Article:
"One language sets you in a corridor for life. Two languages open every door along the way."
-- Frank Smith
In the year 2030, 50% of the United States population will be Hispanic. Coupled with this fact is a notable increase in the number of my Spanish speaking gap year clients. I therefore decided to quit dabbling in local Spanish classes (having taken German and French throughout high school and college), and to immerse myself in a Spanish speaking country for a minimum of 3 weeks in order to acquire solid conversational skills. (which I realize now is not nearly long enough!)
I enrolled in The Spanish Institute of Cuenca, Ecuador, which is a small, customized language program. It offers flexible arrangements based on a student’s time, interest, and budget. My schedule included Monday through Friday morning classes of four hours each, a homestay with a local family, and interesting excursions in and outside of the city, the third largest in Ecuador. I found myself in a private, one-on-one tutorial with a friendly, warm, experienced female teacher named Mariana. We spoke Spanish in a variety of settings which included: the traditional classroom where we reviewed grammar, idiomatic expressions, and my nightly reading assignments in The Alchemist, a local café where we drank rich Ecuadorian coffee and ate hot, fresh pastries, visits to local artisanal centers and to historic Incan ruins. One Friday, we hiked in the Cajas, the lower Andes Mountains, just forty minutes outside of the city. In hopes of enticing others to learn another language, as well as summarizing my own learning process, I compiled of list of ten useful tips for any age for language immersion.
Bring a small dictionary that fits into your pocket or bag, but whose print is large enough to read! Iphones for google translate in the market are awkward, slow, and invite theft.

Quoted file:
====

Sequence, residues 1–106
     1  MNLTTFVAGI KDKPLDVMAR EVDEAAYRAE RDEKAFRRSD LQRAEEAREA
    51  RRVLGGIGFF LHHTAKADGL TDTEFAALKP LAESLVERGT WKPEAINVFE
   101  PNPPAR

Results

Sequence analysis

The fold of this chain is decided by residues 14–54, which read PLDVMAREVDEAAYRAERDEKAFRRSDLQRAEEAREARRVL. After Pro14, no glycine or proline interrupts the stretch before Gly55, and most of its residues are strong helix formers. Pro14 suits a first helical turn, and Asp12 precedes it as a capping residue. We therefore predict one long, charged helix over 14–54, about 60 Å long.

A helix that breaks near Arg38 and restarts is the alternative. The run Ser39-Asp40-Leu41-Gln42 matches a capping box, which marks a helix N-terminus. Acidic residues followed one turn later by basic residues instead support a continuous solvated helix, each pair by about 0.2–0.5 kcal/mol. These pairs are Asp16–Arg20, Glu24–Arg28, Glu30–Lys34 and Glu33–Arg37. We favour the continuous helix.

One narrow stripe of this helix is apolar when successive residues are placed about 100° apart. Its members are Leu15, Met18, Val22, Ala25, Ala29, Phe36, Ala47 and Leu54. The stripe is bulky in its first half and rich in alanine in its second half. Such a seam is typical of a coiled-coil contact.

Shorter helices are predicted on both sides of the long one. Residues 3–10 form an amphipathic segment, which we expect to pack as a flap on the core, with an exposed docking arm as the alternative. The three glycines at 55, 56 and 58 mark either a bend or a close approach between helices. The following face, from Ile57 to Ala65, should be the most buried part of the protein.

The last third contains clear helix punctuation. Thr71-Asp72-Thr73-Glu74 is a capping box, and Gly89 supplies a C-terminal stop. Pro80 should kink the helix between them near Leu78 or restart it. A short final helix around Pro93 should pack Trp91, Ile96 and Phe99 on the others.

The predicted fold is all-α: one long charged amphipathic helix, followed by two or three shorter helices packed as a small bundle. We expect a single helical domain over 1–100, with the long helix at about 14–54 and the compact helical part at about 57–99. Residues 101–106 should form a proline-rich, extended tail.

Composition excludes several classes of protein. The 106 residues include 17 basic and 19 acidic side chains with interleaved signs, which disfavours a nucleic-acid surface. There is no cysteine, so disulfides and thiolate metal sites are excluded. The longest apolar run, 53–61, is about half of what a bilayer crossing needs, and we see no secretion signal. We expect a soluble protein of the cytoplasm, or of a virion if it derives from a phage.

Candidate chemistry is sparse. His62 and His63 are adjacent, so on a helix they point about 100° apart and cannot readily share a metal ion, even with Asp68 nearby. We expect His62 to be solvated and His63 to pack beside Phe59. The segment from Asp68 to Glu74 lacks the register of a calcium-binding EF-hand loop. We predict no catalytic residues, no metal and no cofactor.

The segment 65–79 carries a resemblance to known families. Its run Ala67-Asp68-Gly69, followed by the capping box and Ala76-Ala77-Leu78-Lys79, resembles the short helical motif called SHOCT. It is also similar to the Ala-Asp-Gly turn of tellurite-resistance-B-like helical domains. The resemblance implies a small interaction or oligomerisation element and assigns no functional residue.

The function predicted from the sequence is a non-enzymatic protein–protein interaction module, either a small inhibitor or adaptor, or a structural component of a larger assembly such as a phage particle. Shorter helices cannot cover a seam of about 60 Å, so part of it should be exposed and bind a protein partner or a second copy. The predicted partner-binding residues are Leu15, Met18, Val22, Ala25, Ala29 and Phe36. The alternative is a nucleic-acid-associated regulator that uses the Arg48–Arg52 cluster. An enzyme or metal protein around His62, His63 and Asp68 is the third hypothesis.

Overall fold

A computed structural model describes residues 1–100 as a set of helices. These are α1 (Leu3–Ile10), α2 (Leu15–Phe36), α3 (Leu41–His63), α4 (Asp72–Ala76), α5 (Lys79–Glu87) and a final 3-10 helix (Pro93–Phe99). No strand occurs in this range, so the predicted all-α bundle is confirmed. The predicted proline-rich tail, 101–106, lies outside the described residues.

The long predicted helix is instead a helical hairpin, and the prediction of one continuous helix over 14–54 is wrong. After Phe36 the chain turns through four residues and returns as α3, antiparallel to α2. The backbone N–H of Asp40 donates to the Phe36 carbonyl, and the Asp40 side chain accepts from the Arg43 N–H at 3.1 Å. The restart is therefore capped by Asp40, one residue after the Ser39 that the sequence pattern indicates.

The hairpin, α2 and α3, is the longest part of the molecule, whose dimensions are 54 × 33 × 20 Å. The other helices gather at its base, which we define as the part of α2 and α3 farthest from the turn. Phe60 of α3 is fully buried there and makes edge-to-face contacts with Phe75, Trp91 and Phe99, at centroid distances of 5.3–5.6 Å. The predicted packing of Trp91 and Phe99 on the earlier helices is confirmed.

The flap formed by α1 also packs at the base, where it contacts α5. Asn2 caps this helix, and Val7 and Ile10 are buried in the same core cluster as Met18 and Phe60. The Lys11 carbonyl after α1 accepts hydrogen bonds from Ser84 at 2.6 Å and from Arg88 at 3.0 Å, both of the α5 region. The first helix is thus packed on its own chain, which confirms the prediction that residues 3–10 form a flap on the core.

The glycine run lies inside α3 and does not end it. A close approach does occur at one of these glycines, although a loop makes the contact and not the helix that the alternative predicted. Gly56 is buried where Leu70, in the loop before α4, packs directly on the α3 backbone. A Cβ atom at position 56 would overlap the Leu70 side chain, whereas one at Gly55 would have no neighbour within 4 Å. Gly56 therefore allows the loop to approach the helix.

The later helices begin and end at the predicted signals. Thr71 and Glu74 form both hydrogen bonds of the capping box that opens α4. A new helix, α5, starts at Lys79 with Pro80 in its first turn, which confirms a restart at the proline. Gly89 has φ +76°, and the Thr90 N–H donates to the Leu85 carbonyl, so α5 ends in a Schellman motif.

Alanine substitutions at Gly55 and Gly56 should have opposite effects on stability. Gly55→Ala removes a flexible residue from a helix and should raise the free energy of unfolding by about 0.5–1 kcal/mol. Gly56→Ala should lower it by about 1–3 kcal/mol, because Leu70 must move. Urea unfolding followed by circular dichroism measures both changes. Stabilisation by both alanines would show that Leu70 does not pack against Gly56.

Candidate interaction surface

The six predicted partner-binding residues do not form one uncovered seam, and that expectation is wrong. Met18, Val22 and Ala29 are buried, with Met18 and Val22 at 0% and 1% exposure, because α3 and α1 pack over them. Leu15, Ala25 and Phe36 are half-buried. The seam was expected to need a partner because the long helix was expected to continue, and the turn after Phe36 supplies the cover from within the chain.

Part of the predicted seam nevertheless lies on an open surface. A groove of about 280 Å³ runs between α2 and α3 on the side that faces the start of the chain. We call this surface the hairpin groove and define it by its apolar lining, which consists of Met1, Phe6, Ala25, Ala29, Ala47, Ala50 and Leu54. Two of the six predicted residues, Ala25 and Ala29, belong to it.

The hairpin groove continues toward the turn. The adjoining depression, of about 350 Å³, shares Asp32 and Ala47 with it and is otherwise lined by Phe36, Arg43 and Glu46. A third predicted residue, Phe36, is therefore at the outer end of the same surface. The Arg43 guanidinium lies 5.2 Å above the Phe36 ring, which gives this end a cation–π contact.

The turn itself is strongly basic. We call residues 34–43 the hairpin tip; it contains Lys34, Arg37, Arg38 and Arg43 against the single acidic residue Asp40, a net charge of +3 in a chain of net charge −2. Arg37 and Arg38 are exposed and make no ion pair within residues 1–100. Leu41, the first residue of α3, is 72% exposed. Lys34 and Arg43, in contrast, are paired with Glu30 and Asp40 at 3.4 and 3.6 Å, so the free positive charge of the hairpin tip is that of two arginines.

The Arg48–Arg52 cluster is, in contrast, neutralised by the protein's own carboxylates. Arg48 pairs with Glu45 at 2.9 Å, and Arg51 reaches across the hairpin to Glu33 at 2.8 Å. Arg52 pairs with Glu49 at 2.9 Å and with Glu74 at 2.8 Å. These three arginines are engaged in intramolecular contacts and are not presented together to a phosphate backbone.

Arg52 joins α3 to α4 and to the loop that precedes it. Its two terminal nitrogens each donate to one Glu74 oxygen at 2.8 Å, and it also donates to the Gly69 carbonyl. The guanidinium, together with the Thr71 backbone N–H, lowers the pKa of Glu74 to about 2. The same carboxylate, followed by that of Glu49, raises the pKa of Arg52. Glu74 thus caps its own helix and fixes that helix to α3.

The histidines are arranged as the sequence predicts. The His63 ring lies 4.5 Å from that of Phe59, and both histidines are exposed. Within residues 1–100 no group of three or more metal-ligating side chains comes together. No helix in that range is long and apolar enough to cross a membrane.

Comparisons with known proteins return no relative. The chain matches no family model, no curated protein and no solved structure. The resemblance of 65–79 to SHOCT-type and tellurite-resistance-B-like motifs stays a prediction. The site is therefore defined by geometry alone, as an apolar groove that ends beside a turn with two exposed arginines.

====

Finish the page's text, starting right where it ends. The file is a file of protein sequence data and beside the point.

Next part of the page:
Practice speaking when you are fresh and awake! (As the day faded, so did my ability to speak!)
Purchase a small book (at your level) to read in that language to complement your speaking.
Dive in and participate in activities with the homestay family - go to the market with a family member, dry the dishes, help with the laundry, watch television or a movie, attend a birthday celebration, ride the local bus or train, walk/wander the city, share music.
Be respectful of the culture - adapt to their way of life i.e. dress, customs, greetings, food, familial routines.
Take breaks to clear your head/pace yourself. Walk, exercise, read a book in English, sleep, keep a journal.
Recognize that fatigue is a normal part of the immersion process and includes adjustment to a different family and culture, as well as the overload of another language 24/7.
Review each night and practice using a new word, verb tense, or phrase in daily conversation.
Share photos of your family, home, state, country with your teacher and homestay family - a good conversation starter.
Keep a sense of humor!! (I got lost twice in the first 3 days and said a dirty word in a conversation with the entire family present at the dinner table!)…they are usually very forgiving and will appreciate your efforts to learn their language and culture.